Author: Eric Smith
Length: 217 pages
Series or Stand Alone: Unclear, but probably a stand alone
Content appropriate for: Grades 5-8
Format: Digital ARC thank to Bloomsbury via NetGalley
Release Date: January 20, 2015
Three adjectives that describe this book: dark, interesting, disappointing
I was really eager to start Inked. The cover is beautiful and the concept of magical tattoos that move around and determine your future is really cool. Other elements are pretty typical for novels like this, though:
* A career-determining special occasion
* Anxiety about said occasion (what if I don't like what I get?)
* All is not what it seems
* The government is actually evil
So Inked could have gone either way - boring and predictable, or really really cool.
Eric Smith did a moderate job of world and character building. Not enough to give me the full scope of the place and our characters (it's only 217 pages, after all), but enough that I could make sense of what was happening. The plot had a few surprising elements in the first third that really kept my attention.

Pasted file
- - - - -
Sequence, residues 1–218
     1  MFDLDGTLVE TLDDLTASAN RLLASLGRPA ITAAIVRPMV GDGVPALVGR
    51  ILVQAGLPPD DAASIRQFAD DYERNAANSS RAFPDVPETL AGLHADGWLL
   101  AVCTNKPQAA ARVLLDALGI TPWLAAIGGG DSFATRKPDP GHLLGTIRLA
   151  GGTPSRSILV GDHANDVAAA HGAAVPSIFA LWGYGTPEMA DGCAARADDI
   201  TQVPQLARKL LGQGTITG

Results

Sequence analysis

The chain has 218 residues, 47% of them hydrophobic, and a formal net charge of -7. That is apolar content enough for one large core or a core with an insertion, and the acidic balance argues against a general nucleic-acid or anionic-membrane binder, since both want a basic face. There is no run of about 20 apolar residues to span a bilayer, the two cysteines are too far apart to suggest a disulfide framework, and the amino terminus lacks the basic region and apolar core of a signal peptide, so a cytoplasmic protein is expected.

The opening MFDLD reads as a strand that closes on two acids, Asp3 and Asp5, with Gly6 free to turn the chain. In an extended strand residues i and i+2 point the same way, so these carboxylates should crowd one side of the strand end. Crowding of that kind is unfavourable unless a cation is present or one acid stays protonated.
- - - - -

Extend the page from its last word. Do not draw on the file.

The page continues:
Inked is full of moral quandaries. I like that in a book. It tackles issues like, "Is it okay to sacrifice a few for the good of many?" and "Is it okay to hurt an innocent person, in order to protect myself?"
Unfortunately, this promising, solid 4-star book, took a steep dive downhill in the final 10%
I've been wrestling with how to explain my issues, without any spoilers. Here's my best shot:
In the final 10%, an interesting moral dilemma arises when Caenum realizes that the good guys might be just as evil as the bad guys. This set-up is a grand opportunity for Eric Smith to grow our character. But, unfortunately, Smith seems to struggle with this tricky situation. The dilemma resolves itself through a series of convenient blackouts and an even more convenient murder (which, apparently, no one feels guilty about). Moments later - we flashforward to an epilogue where everything is peachy keen for the main characters, but the Big Evil Government problem is completely and totally unresolved.
Before reading the Epilogue, I thought maybe Eric Smith was setting up for a sequel where he would take the time to handle all the implications of evil good guys stopped via murder. But, the epilogue has our main characters walling themselves in and, almost, abandoning their goal of stopping the government. Is that the end? Apparently, so.